With these definitions in hand, the question presented by this particular blog is whether or not merely depriving someone of their property is sufficient to constitute a crime of larceny – Petit or Grand. Further, must the taking be permanent, for a long frame time or some other lesser period?

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Yes, when it rains it pours. No, not just pours, but it comes down in hail like driving sheets of rain. From catching a flight out of Russia to the United States expecting to traipse around Gotham before heading elsewhere to getting whisked away in handcuffs by the NYPD to the “Tombs” of Manhattan Central Booking, Svetlana Zakharova is arguably soaked to her core. What was initially described by the media as an attempt to extort approximately $50,000 from Eliot Spitzer, was in fact an actual and completed Grand Larceny by Extortion. According to the allegations leveled by a Bronx prosecutor serving as a special prosecutor on behalf of the Manhattan District Attorney’s Office, Zahkarova succeeded in scaring the heck out of Client 9 to the point that he paid his alleged extorter $400,000.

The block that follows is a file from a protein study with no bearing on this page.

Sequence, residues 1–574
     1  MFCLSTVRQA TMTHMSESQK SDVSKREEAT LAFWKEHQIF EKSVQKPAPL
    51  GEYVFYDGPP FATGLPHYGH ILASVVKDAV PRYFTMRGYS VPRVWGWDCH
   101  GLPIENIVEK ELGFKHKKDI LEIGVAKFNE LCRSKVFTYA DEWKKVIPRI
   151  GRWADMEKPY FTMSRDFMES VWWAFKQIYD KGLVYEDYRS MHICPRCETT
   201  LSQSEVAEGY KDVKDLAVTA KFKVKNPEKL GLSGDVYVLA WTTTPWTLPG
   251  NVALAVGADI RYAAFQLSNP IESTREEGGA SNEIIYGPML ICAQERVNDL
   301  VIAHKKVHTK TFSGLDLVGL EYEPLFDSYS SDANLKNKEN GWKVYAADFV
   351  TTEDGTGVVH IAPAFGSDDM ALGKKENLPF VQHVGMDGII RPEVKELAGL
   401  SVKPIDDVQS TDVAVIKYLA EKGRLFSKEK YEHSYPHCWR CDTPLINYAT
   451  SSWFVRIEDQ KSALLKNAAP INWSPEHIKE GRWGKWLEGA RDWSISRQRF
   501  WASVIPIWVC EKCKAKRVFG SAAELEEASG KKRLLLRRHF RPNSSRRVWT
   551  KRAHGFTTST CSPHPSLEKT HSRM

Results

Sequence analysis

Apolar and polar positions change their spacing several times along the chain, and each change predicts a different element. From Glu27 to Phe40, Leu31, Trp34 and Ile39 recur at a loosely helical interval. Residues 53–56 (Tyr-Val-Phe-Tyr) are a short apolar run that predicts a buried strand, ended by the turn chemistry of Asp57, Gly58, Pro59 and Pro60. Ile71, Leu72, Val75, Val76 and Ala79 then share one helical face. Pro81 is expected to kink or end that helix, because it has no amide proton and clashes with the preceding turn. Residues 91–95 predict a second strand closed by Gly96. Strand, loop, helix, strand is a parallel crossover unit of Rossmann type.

Armed with the new allegations provided at Zakharova’s arraignment in Manhattan Criminal Court, the presiding judge set bail to the tune of $1 million. Right or wrong, excessive or not, not only will Zakharova have time to put her defense together, but selfishly I can now leisurely put my rambling thoughts together to offer a brief analysis of the crimes Zakharova faces.